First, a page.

Part of the shop’s efforts to become more recognized lies in its educational programs. Lowell’s operates a year-round museum and classes in boat building, knots, model dory building, and rowing, to name a few. The boat building classes, which are the most popular, are limited to six to eight people and usually run five to eight weeks. The boat that the class builds is often sold by raffle. Whoever wins can buy the boat for a lower price than it would sell for otherwise: as little as $1,000 on a boat that could sell for more than $5,000. On average, Lowell’s boats cost between $6,000 and $12,000, although you could buy an unpainted boat with a simple design for as little as $3,500.

“Our boats are very, very labor intensive. They’re all fastened with copper rivets by hand,” Bates says. They are also made with the finest-quality materials; most of them are planked with cedar and framed with oak. According to Bates, the shop is “fussy” about its wood, favoring clear wood without knotholes. Although the boats are just as sturdy as they were in 1793, today they are more often recreational than industrial, so they are prettier, too, Bates says. The boats are enameled and finished, and most have several coats of varnish on them. They seem to be worth the investment. “Our boats will last for generations, and many families hand them down from generation to generation,” Bates says.

nsjj10_boats3Lowell’s also offers memberships, which provide discounts on classes, invitations to special events, and access to recreational rowing during open waterfront days, a perk that Bates says is not taken advantage of enough by the community. A one-year family membership costs just $60, and you do not have to own your own boat to row there. An individual membership costs $35. “Why go to a gym and use a rowing machine when you can get in a boat in a beautiful place and row in the fresh air?” Bates says.

McKay is also launching an expedition day program this summer, during which middle school kids will row from Lowell’s to the Essex Shipbuilding Museum over the course of a week. Along the way, they will learn about rowing, the history of the area, maritime safety, and marine science and biology, as well as how their lives will be influenced by the wind, tide, and elements while they are out on the water.

Even though Lowell’s Maritime Foundation is still new, the boat shop itself is not. The oldest buildings on the site date to the 1860s. To be sure, there are some things that are wonderful about that, like “Lowell’s Linoleum,” where the floor is layered with inches-thick paint, the product of centuries of boat painting. Yet it can be a challenge to maintain such a place. Bates says that the shop didn’t have any maintenance work for 12 years before receiving a Partners in Preservation Grant from American Express and the National Trust for Historic Preservation last year.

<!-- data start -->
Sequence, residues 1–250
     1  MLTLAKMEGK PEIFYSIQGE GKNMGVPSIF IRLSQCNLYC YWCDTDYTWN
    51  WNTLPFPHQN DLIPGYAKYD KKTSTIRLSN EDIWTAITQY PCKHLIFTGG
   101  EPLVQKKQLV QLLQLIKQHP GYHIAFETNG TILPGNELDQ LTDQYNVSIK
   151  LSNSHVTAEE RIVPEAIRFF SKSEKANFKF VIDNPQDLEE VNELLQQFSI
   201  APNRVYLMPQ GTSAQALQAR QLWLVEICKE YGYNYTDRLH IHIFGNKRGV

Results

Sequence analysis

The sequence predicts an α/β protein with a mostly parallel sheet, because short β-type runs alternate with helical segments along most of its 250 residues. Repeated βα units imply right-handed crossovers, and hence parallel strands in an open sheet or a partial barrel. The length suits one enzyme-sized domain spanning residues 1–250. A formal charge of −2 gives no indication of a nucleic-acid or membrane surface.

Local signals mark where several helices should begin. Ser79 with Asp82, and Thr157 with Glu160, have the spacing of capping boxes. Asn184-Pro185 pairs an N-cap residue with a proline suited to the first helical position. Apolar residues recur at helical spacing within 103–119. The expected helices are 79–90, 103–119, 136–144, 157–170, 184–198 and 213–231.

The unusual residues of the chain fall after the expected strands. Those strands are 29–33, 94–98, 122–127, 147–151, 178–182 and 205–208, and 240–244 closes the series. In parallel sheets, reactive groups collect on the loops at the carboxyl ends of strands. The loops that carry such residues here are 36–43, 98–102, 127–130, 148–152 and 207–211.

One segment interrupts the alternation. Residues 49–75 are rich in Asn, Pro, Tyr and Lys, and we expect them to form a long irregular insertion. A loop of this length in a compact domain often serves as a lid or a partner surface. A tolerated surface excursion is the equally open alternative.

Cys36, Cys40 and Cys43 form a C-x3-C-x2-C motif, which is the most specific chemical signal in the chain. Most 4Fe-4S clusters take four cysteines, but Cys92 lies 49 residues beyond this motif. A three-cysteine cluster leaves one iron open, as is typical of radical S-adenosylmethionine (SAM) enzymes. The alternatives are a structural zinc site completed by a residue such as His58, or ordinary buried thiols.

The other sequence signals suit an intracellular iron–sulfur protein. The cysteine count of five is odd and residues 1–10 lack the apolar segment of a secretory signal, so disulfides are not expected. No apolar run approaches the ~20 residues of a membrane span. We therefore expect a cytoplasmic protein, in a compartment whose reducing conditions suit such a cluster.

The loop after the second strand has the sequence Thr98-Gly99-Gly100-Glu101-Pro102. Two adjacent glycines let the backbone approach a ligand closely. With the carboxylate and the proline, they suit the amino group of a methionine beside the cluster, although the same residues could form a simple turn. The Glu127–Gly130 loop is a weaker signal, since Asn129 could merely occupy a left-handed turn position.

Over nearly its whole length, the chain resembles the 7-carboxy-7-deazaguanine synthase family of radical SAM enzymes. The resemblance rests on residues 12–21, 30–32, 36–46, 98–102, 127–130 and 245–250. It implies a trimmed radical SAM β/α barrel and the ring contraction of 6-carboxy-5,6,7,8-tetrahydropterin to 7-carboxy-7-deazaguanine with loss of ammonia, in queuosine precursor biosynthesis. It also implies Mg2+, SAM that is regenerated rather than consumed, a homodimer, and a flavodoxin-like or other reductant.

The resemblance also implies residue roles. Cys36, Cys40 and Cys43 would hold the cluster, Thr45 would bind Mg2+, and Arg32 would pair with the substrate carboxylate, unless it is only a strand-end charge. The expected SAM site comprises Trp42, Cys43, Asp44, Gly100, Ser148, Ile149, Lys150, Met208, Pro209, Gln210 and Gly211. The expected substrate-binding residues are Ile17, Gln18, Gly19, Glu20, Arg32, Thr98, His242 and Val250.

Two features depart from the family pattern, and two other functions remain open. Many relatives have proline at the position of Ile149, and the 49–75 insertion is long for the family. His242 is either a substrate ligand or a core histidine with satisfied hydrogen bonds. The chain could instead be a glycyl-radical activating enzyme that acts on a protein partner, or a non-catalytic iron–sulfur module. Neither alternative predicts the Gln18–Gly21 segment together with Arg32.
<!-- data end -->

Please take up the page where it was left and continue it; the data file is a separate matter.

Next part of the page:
“The grant was all about infrastructure,” Bates says. “The roof over our paint room would not have lasted this last winter. The repairs we made to this building were of a truly critical nature.” The $86,200 in grant money allowed the shop to repair and restore all of its windows, put new siding on the east end of the building, put a new heating system in the teaching room, and paint the building red, which is likely its historic color. Bates says her future wish list for Lowell’s includes expanding the building and waterfront, as well as getting the community more involved in the shop.

One man for whom involvement in the shop is never an issue is 70-year-old John McGann, who drives 100 miles from his home in Plymouth to, as Bates says, “pat his boat.” McKay is building him a Surf Dory, and McGann comes to the boat shop every two weeks to visit, staying for about four hours and “puttering around doing things,” he says. He loves to watch his boat being made and even has had a hand in building it.

“I have riveted three planks onto that boat. Today, I sanded the mast. What role I’ll be doing the next time, I don’t know,” he says with a laugh. “Graham always has something.” McGann said he searched from Connecticut to Maine for a boat builder and settled on Lowell’s because of its history, tradition, and expertise. “It has just been an adventure for me,” he says, adding that the attraction to the dory goes deeper than an interest in rowing. “My great-grandfather was a dory man on the Grand Banks, fishing from a dory. It’s the connection with my ancestry.”

That kind of deep connection seems to be a common feeling at Lowell’s Boat Shop. “We’ve had very masculine grown men come in and say that they have arrived at Mecca. That this place has an aura about it that makes the hairs on their neck stand up,” Bates says. She herself talks about the place with a kind of reverence and says others feel the same way.

“They really feel that this is a spiritual environment, and they feel the presence of past generations here,” she says. “And without being too soupy about it, you really can’t be around this shop and not feel that there’s a lot going on here, both past and present.” Bates says that the people who work at Lowell’s might not make much-or any-money, but they’re all there for the same reason: they believe in the shop and its mission and want to bring that mission to the wider community, both local and national.

“Lowell’s should be a national entity that’s recognized worldwide. It’s one of one,” she says. “We’re the only oldest boat shop there is in the country.”

– Alexandra Pecci, photographs by Christopher Churchill